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Automated four-dimensional long term imaging enables single cell tracking within organotypic brain slices to study neurodevelopment and degeneration.

  • Author(s): Linsley, Jeremy W;
  • Tripathi, Atmiyata;
  • Epstein, Irina;
  • Schmunk, Galina;
  • Mount, Elliot;
  • Campioni, Matthew;
  • Oza, Viral;
  • Barch, Mariya;
  • Javaherian, Ashkan;
  • Nowakowski, Tomasz J;
  • Samsi, Siddharth;
  • Finkbeiner, Steven
  • et al.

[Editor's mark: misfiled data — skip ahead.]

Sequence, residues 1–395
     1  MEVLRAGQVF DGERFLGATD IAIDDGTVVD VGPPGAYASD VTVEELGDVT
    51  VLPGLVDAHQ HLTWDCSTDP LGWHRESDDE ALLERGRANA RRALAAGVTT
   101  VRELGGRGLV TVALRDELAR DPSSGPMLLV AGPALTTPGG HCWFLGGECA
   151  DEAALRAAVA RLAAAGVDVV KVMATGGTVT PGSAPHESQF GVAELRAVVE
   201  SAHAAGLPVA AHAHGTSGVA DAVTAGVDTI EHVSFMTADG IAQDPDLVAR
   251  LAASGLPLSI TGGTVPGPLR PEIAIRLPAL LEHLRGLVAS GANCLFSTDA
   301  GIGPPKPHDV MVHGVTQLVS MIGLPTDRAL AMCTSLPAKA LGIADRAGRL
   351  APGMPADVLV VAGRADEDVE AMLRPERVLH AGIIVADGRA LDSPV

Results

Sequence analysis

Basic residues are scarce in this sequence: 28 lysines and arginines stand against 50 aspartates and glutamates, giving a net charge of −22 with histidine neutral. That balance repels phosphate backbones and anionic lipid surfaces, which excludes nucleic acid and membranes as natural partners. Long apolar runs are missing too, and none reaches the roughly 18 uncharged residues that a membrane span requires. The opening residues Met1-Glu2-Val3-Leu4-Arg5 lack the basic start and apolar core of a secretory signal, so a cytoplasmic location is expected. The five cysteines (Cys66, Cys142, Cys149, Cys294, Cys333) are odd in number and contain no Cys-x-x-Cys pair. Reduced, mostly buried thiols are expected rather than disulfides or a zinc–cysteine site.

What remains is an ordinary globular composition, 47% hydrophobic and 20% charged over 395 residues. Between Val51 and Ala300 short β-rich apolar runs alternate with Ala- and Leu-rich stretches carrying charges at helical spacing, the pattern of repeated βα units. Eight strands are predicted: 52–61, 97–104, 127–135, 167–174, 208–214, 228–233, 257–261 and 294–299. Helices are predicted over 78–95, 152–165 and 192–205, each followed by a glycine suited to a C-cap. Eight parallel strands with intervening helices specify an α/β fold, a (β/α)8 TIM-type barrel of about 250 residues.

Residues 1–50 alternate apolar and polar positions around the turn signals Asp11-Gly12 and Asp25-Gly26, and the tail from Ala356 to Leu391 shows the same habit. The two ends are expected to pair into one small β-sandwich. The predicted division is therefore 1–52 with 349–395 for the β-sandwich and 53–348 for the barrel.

Current approaches for dynamic profiling of single cells rely on dissociated cultures, which lack important biological features existing in tissues. Organotypic slice cultures preserve aspects of structural and synaptic organisation within the brain and are amenable to microscopy, but established techniques are not well adapted for high throughput or longitudinal single cell analysis. Here we developed a custom-built, automated confocal imaging platform, with improved organotypic slice culture and maintenance. The approach enables fully automated image acquisition and four-dimensional tracking of morphological changes within individual cells in organotypic cultures from rodent and human primary tissues for at least 3 weeks. To validate this system, we analysed neurons expressing a disease-associated version of huntingtin (HTT586Q138-EGFP), and observed that they displayed hallmarks of Huntington's disease and died sooner than controls. By facilitating longitudinal single-cell analyses of neuronal physiology, our system bridges scales necessary to attain statistical power to detect developmental and disease phenotypes.

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